(e) settlement or netting of cash payments through the Automated Clearing Settlement System or the Large Value Transfer System, or

(f) settlement, netting or novation of obligations resulting from a sale of a commodity in a transaction in the spot market.

1.7 OSC Notice 24-702 was published last year after amendments to the clearing agency recognition requirements of section 21.2 of the Act were proclaimed in force, effective March 1, 2011. As currently drafted, section 21.2(1) simply provides that the OSC may, on the application of a clearing agency, recognize the clearing agency if the OSC is satisfied that to do so would be in the public interest. Section 21.2(1) is therefore a permissive, rather than a mandatory, recognition provision. New section 21.2(0.1) will expressly prohibit clearing agencies from carrying on business in Ontario until they have become recognized as such by the OSC when it becomes effective on March 1, 2011.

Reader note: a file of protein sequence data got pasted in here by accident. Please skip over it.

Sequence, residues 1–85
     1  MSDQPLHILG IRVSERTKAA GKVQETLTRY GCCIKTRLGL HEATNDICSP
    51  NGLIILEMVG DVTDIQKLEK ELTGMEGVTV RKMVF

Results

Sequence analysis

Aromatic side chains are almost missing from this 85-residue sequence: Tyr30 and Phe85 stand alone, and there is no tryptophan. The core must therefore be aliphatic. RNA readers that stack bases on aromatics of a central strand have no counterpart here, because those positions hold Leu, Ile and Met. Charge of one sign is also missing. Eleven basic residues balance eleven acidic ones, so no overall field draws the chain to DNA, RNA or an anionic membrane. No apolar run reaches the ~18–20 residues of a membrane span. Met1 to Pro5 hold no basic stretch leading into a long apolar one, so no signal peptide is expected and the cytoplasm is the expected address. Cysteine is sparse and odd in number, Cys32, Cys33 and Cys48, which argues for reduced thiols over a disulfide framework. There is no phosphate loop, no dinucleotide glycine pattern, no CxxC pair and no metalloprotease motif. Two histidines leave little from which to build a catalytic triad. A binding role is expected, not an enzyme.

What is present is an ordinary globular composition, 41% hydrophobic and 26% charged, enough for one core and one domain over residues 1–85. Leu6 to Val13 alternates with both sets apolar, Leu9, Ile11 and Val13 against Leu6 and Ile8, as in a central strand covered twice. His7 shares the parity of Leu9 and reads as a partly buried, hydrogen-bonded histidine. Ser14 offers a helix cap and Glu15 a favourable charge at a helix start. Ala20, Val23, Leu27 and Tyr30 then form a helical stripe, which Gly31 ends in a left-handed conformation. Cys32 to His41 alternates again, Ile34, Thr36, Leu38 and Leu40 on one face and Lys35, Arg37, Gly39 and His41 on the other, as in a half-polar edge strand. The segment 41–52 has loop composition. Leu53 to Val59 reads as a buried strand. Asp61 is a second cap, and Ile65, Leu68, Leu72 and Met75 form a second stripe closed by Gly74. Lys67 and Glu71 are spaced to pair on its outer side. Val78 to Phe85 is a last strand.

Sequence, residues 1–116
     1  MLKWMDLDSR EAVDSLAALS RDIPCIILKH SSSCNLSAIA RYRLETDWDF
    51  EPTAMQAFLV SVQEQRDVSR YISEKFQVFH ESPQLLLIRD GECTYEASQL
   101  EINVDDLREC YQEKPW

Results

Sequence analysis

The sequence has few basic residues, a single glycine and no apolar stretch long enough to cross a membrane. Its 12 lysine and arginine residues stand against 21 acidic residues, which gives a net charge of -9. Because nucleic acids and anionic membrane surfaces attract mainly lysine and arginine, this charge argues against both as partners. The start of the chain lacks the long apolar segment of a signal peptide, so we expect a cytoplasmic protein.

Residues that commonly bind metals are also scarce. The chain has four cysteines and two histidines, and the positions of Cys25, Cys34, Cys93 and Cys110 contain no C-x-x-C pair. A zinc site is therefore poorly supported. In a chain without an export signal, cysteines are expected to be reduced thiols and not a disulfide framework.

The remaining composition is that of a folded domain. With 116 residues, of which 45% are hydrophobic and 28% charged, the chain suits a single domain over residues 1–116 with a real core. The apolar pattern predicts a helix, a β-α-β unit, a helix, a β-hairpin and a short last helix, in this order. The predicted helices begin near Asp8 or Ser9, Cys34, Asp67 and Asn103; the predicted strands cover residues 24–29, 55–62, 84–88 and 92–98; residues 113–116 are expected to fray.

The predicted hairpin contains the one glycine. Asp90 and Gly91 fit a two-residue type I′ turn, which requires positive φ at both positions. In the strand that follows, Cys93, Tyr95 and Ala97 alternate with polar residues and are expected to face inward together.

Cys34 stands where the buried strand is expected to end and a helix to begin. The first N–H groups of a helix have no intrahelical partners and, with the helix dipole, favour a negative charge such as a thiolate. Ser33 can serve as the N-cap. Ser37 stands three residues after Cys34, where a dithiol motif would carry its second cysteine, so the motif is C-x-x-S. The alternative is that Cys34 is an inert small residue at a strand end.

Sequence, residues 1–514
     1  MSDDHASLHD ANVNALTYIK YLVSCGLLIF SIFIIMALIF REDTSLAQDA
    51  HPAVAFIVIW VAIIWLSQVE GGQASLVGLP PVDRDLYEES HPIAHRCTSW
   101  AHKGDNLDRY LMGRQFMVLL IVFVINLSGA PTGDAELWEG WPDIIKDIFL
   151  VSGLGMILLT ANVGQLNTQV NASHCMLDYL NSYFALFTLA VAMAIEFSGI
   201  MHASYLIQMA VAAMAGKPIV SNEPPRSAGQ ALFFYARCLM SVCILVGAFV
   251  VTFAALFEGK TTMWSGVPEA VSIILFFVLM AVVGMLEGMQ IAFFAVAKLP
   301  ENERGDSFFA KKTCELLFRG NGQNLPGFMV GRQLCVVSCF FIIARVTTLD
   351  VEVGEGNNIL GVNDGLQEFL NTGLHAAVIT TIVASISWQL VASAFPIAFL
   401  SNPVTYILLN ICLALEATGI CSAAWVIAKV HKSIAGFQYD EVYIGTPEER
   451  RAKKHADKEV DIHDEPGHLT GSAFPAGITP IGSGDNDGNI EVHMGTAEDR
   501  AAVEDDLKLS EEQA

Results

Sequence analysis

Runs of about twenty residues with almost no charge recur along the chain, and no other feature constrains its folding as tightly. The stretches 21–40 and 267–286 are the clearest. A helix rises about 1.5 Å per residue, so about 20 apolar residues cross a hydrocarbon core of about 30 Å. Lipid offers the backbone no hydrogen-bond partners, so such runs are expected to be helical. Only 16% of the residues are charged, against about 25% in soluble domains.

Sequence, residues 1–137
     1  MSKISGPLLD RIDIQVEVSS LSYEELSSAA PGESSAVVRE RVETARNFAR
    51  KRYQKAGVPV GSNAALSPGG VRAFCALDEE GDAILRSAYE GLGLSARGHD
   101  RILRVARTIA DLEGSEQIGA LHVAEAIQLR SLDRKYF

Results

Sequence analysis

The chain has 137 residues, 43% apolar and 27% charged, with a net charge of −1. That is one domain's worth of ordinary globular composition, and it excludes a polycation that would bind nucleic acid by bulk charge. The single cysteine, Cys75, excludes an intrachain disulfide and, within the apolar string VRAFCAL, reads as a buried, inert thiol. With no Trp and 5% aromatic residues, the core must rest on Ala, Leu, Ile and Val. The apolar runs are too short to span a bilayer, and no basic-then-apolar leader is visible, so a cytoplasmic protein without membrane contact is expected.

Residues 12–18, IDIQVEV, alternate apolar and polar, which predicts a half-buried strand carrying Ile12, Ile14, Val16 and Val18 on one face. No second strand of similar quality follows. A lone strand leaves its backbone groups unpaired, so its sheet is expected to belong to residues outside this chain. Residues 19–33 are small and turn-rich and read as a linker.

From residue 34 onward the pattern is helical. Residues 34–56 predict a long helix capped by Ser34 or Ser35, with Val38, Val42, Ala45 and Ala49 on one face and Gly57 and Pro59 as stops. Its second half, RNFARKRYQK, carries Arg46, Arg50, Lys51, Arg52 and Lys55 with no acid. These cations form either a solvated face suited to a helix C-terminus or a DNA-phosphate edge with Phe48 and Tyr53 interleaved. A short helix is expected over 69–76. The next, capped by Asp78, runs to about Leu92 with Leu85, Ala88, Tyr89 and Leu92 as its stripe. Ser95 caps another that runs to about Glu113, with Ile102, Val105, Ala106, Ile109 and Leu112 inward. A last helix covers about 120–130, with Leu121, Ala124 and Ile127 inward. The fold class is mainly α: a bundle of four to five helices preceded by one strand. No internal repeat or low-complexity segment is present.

1.8 OSC Notice 24-702 sets out OSC staff's regulatory approach to applications for both recognition, and exemptions from recognition, as a clearing agency. It provides, among other things, that a foreign-based clearing agency that offers to provide its services or facilities to a person or company resident in Ontario will be considered to be carrying on business in Ontario.{4} It further provides that OSC staff may recommend to the OSC that a foreign-based clearing agency be granted an exemption from recognition pursuant to section 147 of the Act if the clearing agency does not pose significant risk to the Ontario capital markets and is subject to an appropriate regulatory and oversight regime in a foreign jurisdiction.{5} Such an exemption from the clearing agency recognition requirements would effectively recognize that requiring foreign-based clearing agencies to comply with the regulatory framework applicable to domestic clearing agencies would be duplicative and inefficient when imposed in addition to the regulation of the home jurisdiction. OSC Notice 24-702 then goes on to provide that a foreign-based clearing agency that wishes to apply for an exemption from the Act's clearing agency recognition requirements must establish at the time of the application that it meets the same criteria that a domestic clearing agency must meet when applying for recognition as a clearing agency (the "Recognition Criteria") and that it must also provide a detailed description of the regulatory regime of the home jurisdiction and the regulatory requirements that are imposed on it in its home jurisdiction. The Recognition Criteria is attached as Appendix A to OSC Notice 24-702.